Re: Illumination technique comparison using the same Closterium

#6 Post by JimT » Tue Mar 20, 2018 9:12 pm

Well done and very instructional.

IMHO oblique is most pleasing due to the 3D effect but the DIF reveals more detail - some of which could be due to the higher magnification/ resolution.

All are very good images.

charlie g
Posts: 1401
Joined: Mon Oct 20, 2014 7:54 pm

Re: Illumination technique comparison using the same Closterium

#7 Post by charlie g » Wed Mar 21, 2018 2:01 am

Fantastic desmid images, 75RR, thank you for sharing this microscopy. Were the terminal pole vesicles gypsum granules jittering/ almost 'tinkeling' as you observed these living desmids?

All these image-captures are rich in a sense of plants doing their best to shape and maintain our dear world. Bravo to our planets primary producers! Charlie guevara

User avatar
75RR
Posts: 6243
Joined: Sun Oct 12, 2014 2:34 am
Location: Estepona

Re: Illumination technique comparison using the same Closterium

#8 Post by 75RR » Wed Mar 21, 2018 6:14 am

Many thanks to Hobbyst46, billbillt, Francisco, JimT and charlie g.
Were the terminal pole vesicles gypsum granules jittering/ almost 'tinkeling' as you observed these living desmids?
Yes they were ... I would describe it as a cosmic dance ;)


Just to clarify for those who have not ventured into stacking yet.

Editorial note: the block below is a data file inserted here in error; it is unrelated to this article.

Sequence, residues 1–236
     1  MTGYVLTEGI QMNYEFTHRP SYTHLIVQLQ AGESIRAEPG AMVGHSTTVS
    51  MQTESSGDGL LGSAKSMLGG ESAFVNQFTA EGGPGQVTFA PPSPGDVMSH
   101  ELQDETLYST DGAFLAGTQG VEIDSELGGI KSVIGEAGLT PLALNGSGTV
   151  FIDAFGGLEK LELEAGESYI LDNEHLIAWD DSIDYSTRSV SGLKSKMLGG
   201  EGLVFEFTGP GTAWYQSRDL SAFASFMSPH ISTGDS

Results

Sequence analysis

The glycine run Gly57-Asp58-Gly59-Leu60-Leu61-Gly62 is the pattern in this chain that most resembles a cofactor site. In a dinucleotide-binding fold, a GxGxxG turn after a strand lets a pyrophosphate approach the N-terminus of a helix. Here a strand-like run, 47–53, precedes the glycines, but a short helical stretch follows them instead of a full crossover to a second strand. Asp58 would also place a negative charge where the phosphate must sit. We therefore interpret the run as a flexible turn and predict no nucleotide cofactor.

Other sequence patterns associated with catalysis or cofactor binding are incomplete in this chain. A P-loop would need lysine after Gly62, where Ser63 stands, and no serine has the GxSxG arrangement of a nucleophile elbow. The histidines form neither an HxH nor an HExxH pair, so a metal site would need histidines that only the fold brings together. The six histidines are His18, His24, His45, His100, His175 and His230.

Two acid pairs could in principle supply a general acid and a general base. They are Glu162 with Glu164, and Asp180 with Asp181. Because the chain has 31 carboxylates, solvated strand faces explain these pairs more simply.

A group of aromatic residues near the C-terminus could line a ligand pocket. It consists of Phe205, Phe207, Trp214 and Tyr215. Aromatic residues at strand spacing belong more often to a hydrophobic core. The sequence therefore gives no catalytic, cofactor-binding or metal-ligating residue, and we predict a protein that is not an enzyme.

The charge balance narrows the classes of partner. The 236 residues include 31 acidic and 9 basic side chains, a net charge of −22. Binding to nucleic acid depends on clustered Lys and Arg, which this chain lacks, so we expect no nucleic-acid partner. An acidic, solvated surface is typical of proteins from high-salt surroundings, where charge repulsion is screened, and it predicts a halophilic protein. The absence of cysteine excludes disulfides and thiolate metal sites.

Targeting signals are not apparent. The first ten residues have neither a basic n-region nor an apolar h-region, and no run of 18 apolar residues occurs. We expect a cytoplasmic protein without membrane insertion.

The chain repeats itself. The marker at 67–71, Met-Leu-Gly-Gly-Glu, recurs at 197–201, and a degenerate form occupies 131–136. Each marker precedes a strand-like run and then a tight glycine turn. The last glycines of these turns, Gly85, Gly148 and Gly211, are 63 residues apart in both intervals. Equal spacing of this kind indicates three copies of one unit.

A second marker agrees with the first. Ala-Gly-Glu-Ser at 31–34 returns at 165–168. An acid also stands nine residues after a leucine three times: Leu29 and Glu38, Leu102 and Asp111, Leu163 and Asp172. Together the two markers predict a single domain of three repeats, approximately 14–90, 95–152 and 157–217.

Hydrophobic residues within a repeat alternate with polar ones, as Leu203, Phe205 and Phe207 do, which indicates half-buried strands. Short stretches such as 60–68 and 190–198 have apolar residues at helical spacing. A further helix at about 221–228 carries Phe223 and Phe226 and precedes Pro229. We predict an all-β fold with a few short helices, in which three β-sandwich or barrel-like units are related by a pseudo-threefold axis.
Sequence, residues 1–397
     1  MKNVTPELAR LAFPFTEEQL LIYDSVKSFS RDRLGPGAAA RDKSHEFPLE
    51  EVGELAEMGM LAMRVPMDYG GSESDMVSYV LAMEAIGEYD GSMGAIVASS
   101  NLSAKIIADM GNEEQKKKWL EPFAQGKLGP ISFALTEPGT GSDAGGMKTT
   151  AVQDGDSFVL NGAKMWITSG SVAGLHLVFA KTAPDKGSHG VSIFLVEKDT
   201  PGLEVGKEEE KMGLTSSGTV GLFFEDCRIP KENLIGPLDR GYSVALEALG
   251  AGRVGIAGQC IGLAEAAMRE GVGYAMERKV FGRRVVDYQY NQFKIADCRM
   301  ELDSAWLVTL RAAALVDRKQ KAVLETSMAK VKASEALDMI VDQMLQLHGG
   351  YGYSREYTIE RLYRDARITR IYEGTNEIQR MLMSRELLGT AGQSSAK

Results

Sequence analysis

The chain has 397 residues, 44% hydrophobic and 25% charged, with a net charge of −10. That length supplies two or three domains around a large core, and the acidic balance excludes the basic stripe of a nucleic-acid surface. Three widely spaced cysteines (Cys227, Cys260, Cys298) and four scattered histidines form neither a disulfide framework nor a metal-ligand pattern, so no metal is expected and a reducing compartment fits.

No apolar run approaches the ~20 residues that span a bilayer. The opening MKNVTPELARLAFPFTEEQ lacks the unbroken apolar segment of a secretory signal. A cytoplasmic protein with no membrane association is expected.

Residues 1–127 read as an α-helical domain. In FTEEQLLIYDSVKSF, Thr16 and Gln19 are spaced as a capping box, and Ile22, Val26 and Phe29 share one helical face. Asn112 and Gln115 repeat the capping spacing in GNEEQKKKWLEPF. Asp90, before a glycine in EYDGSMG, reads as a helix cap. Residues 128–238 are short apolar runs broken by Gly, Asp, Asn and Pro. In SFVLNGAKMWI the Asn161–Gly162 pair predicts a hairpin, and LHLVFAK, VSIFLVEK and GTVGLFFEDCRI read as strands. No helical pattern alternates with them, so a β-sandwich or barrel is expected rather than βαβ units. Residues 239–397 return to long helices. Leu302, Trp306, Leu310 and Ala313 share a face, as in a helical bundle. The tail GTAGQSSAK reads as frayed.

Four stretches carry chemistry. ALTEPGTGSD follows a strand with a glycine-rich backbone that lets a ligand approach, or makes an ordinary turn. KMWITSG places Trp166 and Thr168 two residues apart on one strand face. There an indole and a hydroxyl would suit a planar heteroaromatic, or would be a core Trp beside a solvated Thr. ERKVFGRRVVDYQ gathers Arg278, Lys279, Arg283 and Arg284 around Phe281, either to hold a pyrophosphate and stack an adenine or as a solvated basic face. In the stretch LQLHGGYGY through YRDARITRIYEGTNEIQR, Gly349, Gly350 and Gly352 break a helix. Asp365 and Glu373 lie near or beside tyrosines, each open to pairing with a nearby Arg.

2 stacks of 3 to 4 images stitched in Photoshop
and
3 stacks of 4 images stitched in Photoshop

means that I photographed the Dismid in either 2 or 3 'parts' (each part consisting of either 3 or 4 individual images) and stacked each part;
I then stitched those stacks together in order to assemble an image that was able to capture the detail that only a larger magnification objective can.
A sort of photographic quilt if you like.

Here is the full size Phase image taken with the Neofluar 25x/0.60 Ph2 of this Giant South American Desmid which measured 750µm from tip to tip.

Image
Zeiss Standard WL (somewhat fashion challenged) & Wild M8
Olympus E-P2 (Micro Four Thirds Camera)

GaryB
Posts: 77
Joined: Tue Sep 05, 2017 10:33 am

Re: Illumination technique comparison using the same Closterium

#9 Post by GaryB » Thu Mar 22, 2018 7:21 am

Very nice.
I only recently acquired a phase objective and I have to admit I'm having way more fun with it than I thought I would. Anyone who has yet to try phase, I highly recommend it. Gives a whole new insight.

User avatar
coominya
Posts: 279
Joined: Sun Mar 11, 2018 11:33 am
Location: Brisbane Aust

Re: Illumination technique comparison using the same Closterium

#10 Post by coominya » Fri Mar 30, 2018 9:18 am

75RR wrote:
Brightfield, Oblique, Darkfield and Phase
Nice side by side 75RR. To my eye the Oblique image contains the most detail with the least interference. It seems to have almost the same fine detail as the phase capture but without the halo obscuring the clear edges. The only thing that seems to be lost is the nucleus and perhaps that small hole at the tip of the closterium.

Post Reply